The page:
Carers of people with dementia

Home care

People who were assessed as being in need of home care usually had carers to come into the home to help with washing, dressing and sometimes meals. A few people said that the home carers were excellent, efficient and friendly. Some people are lucky enough to have access to an emergency response team that can provide help within an hour.

Many carers who had experience of home care were critical of at least some aspect of the service, even if they liked and trusted the individuals. High staff turnover also meant that there was little continuity, which could be particularly difficult for the person with dementia. Sometimes the person with dementia flatly refused to have help from a stranger. Other common criticisms were that the home carers were untrained, too rushed, lacked knowledge about dementia and were not allowed to be flexible.

Carers sometimes felt that either the care plans, or the organisation of specific services were not sufficiently flexible to meet the needs of their relative. One woman described several problems with 'Meals on Wheels' and the home carers, who would often arrive to get her mother ready for the day some hours after she had dressed herself. This daughter also said that what her mother needed was emotional and social support, which was arranged via friends since the home carers never had time to chat.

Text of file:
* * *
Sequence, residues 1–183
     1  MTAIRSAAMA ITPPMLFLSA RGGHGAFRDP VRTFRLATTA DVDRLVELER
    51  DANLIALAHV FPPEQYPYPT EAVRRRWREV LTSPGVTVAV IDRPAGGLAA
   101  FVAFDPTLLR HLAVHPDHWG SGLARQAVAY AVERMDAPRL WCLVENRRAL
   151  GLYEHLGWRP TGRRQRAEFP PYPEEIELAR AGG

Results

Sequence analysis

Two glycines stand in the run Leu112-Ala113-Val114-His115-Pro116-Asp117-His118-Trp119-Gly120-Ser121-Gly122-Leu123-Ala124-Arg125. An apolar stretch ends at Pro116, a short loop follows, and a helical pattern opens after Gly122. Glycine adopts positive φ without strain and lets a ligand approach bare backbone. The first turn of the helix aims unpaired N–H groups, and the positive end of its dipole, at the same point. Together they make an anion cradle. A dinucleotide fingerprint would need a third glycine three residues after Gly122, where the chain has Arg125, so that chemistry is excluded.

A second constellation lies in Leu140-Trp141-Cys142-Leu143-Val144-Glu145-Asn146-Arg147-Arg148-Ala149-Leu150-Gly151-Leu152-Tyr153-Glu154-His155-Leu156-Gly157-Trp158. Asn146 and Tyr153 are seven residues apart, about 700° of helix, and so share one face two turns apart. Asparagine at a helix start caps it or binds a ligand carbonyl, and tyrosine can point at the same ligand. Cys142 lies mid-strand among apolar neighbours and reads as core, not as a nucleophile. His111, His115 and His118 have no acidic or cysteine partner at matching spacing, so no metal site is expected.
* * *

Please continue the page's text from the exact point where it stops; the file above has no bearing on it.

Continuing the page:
People we talked to were often aware that home care services had been privatised and none said that they thought services had improved as a result. Some blamed the need to make a profit as responsible for the low rates of pay, lack of training and high turnover of staff. One man explained that he thought that paid carers need to be particularly well trained and relatively well paid because they are dealing with vulnerable people.

The care plan states how long it was expected that these visits would last, but several carers thought that their relative was not getting as much time as they were entitled to. This could be particularly difficult if the person with dementia was living on their own as they would not always be able to recall with accuracy who had visited and for how long. One family, convinced that the home carer was not doing what had been agreed, had waited outside and timed how long they were in the house.

Very occasionally the family has greater concerns about a carer. One daughter became aware that her mother seemed to losing money from her purse. She tells how she eventually realised that it was a home carer who was taking money, and how she worked with the police to establish proof of her suspicions.

The Department of Health has also introduced ‘direct payments’. Direct payments are local council payments for people who have been assessed as needing help from social services, and who would like to arrange and pay for their own care and support services instead of receiving them directly from the local council. None of the people we interviewed had used the scheme.

Last reviewed March 2015.

Last updated October 2010.

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